Yes. You can also be charged with Resisting and Obstructing in Michigan upon: a security officer of the department of state police, a campus officer, a conservation officer of the DNR or DEQ, a Federal agent, a firefighter, an EMT, paramedic, or a search and rescue worker.

What is the Sentence for Resisting and Obstructing a Police Officer in Michigan? Will I go to Jail for Resisting and Obstructing?

If (and only if) you are convicted of Resisting and Obstructing in Michigan under MCL 750.81d, and you have never been convicted of a Felony before, you are guilty of a Felony punishable by “imprisonment for not more than 2 years or a fine of not more than $2,000.00, or both.

  • If you cause "bodily injury requiring medical attention or medical care," the max penalty rises to 4 years and/or $5,000.00.
  • If you cause "serious impairment of a body function," the max penalty rises to 15 years and/or $10,000.
  • If you cause death, the max penalty rises to20 years and/or $20,000.

In any case, the penalties can be much more severe if you are charged as a “Habitual Offender.”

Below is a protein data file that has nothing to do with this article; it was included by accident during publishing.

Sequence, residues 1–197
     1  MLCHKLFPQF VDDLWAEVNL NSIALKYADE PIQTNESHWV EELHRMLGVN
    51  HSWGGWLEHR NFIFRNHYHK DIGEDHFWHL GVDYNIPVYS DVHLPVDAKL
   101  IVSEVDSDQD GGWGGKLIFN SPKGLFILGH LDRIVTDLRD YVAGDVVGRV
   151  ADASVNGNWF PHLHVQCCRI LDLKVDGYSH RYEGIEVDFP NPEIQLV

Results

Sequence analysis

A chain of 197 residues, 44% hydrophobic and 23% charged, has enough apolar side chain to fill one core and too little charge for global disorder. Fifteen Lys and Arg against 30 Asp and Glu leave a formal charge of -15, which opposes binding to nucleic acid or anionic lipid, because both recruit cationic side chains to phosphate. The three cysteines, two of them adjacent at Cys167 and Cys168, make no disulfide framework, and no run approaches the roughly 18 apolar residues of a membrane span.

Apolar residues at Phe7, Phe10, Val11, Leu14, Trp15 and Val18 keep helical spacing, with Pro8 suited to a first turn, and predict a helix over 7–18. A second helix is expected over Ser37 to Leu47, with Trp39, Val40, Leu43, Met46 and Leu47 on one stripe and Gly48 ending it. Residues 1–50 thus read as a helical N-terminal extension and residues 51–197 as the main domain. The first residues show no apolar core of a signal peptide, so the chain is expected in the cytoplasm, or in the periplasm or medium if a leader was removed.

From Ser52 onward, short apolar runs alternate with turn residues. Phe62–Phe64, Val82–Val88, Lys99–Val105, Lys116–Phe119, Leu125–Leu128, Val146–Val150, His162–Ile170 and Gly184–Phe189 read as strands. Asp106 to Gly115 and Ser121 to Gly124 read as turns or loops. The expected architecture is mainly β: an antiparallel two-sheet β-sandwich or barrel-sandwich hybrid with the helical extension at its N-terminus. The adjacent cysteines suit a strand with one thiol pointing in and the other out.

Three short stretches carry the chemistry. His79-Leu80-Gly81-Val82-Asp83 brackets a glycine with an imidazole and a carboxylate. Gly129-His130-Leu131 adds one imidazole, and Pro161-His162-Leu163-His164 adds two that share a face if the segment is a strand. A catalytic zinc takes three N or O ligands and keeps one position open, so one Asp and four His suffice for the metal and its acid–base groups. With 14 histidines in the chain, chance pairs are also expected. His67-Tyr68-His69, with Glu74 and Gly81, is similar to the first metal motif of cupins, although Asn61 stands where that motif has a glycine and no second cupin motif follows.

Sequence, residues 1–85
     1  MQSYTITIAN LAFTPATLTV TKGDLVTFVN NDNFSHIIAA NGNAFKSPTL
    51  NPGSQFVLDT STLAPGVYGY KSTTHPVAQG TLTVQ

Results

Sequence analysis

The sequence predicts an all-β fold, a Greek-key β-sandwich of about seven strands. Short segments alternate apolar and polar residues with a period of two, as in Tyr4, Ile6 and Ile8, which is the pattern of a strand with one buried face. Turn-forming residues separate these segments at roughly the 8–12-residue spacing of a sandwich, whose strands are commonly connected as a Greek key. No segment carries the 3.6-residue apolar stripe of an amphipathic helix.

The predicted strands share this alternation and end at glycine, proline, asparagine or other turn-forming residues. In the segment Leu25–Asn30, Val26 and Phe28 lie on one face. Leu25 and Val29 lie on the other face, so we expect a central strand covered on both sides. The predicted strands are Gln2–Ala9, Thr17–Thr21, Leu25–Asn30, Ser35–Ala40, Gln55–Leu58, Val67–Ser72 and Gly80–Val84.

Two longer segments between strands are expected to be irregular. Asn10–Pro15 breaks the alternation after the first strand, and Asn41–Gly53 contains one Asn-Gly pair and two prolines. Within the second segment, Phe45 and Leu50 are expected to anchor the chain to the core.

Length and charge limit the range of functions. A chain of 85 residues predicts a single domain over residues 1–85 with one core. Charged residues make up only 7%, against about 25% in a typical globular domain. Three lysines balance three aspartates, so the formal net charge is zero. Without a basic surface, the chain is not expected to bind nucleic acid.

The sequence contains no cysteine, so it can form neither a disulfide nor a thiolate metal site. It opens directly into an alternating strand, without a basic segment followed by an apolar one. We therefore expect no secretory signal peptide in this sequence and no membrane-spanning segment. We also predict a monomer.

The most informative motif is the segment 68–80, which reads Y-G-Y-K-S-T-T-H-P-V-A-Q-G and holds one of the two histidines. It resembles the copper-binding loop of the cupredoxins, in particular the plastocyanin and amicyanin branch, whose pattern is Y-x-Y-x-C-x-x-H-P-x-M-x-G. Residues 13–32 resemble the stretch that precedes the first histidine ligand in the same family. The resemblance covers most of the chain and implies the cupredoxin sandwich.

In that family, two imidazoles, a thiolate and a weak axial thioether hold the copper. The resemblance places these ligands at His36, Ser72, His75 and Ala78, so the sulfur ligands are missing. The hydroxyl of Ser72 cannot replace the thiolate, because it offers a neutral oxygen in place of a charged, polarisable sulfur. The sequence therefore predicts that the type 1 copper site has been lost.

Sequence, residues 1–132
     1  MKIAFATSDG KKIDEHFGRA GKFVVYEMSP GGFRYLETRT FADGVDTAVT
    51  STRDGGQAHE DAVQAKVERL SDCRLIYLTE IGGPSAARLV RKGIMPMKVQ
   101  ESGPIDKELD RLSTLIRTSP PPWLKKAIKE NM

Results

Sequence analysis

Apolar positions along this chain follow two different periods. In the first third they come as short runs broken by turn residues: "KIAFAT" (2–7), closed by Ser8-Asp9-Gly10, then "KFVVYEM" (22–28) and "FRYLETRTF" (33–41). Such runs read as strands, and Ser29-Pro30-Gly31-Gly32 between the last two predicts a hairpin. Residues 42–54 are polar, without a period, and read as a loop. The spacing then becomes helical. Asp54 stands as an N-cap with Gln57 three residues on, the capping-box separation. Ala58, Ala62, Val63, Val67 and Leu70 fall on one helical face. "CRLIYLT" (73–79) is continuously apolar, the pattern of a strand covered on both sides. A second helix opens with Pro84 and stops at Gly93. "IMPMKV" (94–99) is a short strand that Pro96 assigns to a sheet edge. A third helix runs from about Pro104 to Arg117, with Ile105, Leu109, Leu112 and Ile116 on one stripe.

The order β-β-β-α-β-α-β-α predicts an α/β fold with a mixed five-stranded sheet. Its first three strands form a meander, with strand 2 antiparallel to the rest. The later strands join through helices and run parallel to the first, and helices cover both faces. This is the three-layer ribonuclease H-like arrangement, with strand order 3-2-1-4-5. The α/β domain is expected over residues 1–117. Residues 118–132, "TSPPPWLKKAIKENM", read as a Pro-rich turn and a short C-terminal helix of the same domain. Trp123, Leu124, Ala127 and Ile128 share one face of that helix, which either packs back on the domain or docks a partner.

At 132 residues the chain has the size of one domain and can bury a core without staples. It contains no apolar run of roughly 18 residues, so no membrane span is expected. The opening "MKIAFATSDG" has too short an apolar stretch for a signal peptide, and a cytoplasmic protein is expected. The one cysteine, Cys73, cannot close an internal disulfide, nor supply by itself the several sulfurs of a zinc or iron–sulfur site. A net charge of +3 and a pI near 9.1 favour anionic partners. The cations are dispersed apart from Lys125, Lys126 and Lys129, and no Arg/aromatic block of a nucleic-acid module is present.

Whether or not you will actually receive Jail or Prison time in your Resisting and Obstructing a Police Officer case depends on the severity of your alleged actions, how the charges are defended, and the effectiveness of your Michigan Resisting and Obstructing defense attorney.

If you are facing an R&O charge in Michigan, your actual possible range of incarceration time will be calculated under the Michigan Sentencing Guidelines. Your Guidelines need to be scored at the start of your case, not at the end when it’s too late (like many lawyers do).

**IMPORTANT NOTE: Assaulting a Police Officer in Michigan is one of the few crimes that allow "Consecutive Sentencing" under MCL

CLICK HERE for more information on Michigan Felony Sentencing and Sentencing Guidelines…

Here’s the bottom-line: instead of focusing on how much Jail or Prison time you could get, why not focus on being found NOT GUILTY?

Where can I go for even more information on the Michigan Resisting and Obstructing laws?

Brian J. Prain has written many other articles on defending Resisting and Obstructing charges. Click this link to search them all:

Articles on Michigan Resisting and Obstructing charges by Attorney Brian J. Prain.

Contact Our Experienced & Skilled Detroit Criminal Defense Attorney Today

Regardless of the nature of your particular situation, you can rest assured you are in the right hands when you enlist Prain Law, PLLC on your side. If you or a loved one has been accused of resisting and obstructing the law, there is no time to waste in having our legal team create a defense aimed at successfully clearing your name. Allow us to fight for you.

To speak to a trusted member of our firm, you may do so by calling (248) 731-4543 at your earliest convenience.